The way interviewees recall their memories largely depends on the questions posed during the interview (Janesick 2010, Ritchie 2015). In order to assess the lived war experience of children and adolescents, the War Childhood Museum team, consisting of a medical anthropologist, a historian, an expert for children’s rights, and three psychologists, have carefully and meticulously created a set of themes/questions for an audio-video interview. The questions/themes cover the following topics: life now, life before the war, beginning of the war, displacement (if any), housing, living conditions (food, water, electricity), security, experience of shelling and sniper fire, family life, friendships, school, leisure time and hobbies, experience of UN soldiers and foreign journalists, wounding and losses, the most remarkable events (personally important), the end of the war, the way war childhood affects the present life, the way person thinks and feels about the ongoing conflicts in the war.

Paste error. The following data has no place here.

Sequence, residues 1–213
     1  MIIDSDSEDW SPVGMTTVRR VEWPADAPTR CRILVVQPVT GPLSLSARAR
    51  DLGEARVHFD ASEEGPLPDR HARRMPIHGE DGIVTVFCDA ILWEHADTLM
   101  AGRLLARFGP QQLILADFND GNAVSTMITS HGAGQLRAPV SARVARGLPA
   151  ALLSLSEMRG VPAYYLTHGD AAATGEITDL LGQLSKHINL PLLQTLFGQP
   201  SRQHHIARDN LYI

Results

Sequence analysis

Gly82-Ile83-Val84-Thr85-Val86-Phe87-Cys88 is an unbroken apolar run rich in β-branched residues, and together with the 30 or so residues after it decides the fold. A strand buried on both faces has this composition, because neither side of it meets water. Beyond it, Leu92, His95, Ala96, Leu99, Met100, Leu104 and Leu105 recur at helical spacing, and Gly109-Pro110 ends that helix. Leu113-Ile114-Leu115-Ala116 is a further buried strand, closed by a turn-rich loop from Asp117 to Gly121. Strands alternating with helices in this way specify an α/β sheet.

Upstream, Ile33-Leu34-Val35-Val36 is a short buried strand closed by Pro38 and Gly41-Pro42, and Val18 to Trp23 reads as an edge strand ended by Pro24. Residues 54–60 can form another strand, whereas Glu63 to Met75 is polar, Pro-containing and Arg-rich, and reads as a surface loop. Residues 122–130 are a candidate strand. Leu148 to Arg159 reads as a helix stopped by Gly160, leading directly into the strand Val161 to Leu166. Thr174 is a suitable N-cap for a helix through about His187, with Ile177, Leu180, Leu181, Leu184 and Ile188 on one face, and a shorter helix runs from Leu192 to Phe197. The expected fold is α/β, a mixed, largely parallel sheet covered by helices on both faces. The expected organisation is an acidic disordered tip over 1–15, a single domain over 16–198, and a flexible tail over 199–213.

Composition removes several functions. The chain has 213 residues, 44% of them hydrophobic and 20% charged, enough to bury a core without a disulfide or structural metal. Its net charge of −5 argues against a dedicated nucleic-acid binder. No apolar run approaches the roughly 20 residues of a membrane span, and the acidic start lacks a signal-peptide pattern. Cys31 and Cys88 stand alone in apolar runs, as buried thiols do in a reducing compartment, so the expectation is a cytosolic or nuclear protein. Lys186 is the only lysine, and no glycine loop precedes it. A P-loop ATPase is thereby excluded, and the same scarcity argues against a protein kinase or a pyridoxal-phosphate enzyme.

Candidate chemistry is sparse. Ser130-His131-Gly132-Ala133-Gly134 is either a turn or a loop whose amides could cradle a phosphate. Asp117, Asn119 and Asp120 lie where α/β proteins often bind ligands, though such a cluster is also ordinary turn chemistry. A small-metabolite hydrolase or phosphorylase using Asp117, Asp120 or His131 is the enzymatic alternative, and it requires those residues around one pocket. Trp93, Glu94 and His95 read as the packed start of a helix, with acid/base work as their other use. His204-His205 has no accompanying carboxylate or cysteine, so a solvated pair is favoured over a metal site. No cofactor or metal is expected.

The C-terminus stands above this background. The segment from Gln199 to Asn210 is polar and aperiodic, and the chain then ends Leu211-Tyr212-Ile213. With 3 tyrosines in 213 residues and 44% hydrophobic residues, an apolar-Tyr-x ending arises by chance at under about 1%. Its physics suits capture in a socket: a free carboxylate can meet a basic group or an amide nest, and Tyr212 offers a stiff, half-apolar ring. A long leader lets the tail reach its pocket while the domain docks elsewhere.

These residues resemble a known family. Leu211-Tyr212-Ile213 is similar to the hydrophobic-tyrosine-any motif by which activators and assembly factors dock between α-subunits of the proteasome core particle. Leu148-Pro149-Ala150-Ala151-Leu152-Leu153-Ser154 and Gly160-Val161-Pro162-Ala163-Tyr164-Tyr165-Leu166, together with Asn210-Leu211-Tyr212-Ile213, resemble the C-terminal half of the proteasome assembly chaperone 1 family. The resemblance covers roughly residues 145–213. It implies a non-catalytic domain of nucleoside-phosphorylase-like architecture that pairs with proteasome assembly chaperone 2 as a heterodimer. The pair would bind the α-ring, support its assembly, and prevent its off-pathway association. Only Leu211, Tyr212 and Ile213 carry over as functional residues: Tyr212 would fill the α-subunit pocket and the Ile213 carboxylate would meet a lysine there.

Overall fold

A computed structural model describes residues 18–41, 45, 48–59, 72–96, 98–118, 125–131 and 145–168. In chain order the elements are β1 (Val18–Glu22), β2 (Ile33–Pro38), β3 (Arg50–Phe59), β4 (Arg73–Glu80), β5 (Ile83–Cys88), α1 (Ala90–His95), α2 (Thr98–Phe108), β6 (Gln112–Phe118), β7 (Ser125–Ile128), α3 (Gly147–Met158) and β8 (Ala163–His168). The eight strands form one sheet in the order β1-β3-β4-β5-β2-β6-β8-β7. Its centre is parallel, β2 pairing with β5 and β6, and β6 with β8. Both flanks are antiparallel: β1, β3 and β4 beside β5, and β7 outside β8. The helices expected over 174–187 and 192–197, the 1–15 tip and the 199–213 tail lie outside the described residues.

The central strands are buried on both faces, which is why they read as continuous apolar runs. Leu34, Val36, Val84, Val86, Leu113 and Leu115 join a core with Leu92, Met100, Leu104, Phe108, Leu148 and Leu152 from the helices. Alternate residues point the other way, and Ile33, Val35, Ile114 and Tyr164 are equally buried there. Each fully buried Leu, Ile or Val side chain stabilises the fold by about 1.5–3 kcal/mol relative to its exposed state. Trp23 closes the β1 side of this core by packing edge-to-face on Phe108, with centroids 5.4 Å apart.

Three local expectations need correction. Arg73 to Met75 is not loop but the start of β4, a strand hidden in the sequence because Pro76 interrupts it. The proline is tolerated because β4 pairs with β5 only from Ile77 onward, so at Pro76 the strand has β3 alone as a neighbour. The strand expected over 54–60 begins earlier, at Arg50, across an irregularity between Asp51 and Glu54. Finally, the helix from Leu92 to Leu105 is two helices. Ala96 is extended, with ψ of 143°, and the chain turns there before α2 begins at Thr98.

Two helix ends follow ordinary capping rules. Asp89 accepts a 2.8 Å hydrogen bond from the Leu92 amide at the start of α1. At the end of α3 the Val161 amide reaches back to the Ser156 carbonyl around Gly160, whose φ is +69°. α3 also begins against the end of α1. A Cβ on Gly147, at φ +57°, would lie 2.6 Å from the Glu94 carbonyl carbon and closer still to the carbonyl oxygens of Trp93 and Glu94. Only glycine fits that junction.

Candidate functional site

The interviewing process must follow AAA ethical guidelines (AAA 2009). All the participants have to sign an Informed Consent (Release Agreement) that regulates the rights on the recorded audio-video testimony and the cession of the artifacts and documents.
All the research activities in the War Childhood Museum are supervised by psychologists of PSIHOLAB. The PSIHOLAB team has provided the Museum staff an initial training, where all the interviewers were taught skills how to adequately communicate the sensitive issues, how to build the appropriate rapport and how to guide the questioning so not to upset or re-traumatize the participants. Moreover, the Museum team was taught skills how to behave and react in emotionally demanding situations as well as how to protect themselves from secondary traumatization and professional burnout.
Cinema for Peace Foundation
2015 Web site Cinema for Peace, Electronic document, http://cinemaforpeace.ba/en/testimonies
Center for Dealing with Past Documenta
2015 Web site Documenta, Electronic document, http://www.documenta.hr/hr/naslovnica.html
2010 Oral history for qualitative researcher: choreographing the story. New York London: The Guilford Press
Perks, R and A. Thomson, eds
1998 The Oral History Reader. London: Routledge
2015 Doing oral history. New York: Oxford University Press